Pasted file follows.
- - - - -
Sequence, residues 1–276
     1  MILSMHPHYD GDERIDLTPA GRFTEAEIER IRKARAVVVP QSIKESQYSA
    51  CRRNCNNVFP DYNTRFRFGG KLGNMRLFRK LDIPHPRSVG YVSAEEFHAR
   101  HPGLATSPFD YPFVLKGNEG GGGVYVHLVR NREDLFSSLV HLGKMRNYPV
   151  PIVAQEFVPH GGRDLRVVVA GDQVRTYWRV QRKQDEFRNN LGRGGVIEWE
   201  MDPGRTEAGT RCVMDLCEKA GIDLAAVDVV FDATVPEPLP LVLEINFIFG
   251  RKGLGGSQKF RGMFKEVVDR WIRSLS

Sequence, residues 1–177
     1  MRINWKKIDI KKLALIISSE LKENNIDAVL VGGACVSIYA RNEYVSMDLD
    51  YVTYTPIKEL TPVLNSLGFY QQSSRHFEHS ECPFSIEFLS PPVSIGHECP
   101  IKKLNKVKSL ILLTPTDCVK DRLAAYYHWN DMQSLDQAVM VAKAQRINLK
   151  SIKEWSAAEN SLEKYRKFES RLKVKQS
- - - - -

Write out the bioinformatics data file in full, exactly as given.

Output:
Sequence, residues 1–276
     1  MILSMHPHYD GDERIDLTPA GRFTEAEIER IRKARAVVVP QSIKESQYSA
    51  CRRNCNNVFP DYNTRFRFGG KLGNMRLFRK LDIPHPRSVG YVSAEEFHAR
   101  HPGLATSPFD YPFVLKGNEG GGGVYVHLVR NREDLFSSLV HLGKMRNYPV
   151  PIVAQEFVPH GGRDLRVVVA GDQVRTYWRV QRKQDEFRNN LGRGGVIEWE
   201  MDPGRTEAGT RCVMDLCEKA GIDLAAVDVV FDATVPEPLP LVLEINFIFG
   251  RKGLGGSQKF RGMFKEVVDR WIRSLS

Sequence, residues 1–177
     1  MRINWKKIDI KKLALIISSE LKENNIDAVL VGGACVSIYA RNEYVSMDLD
    51  YVTYTPIKEL TPVLNSLGFY QQSSRHFEHS ECPFSIEFLS PPVSIGHECP
   101  IKKLNKVKSL ILLTPTDCVK DRLAAYYHWN DMQSLDQAVM VAKAQRINLK
   151  SIKEWSAAEN SLEKYRKFES RLKVKQS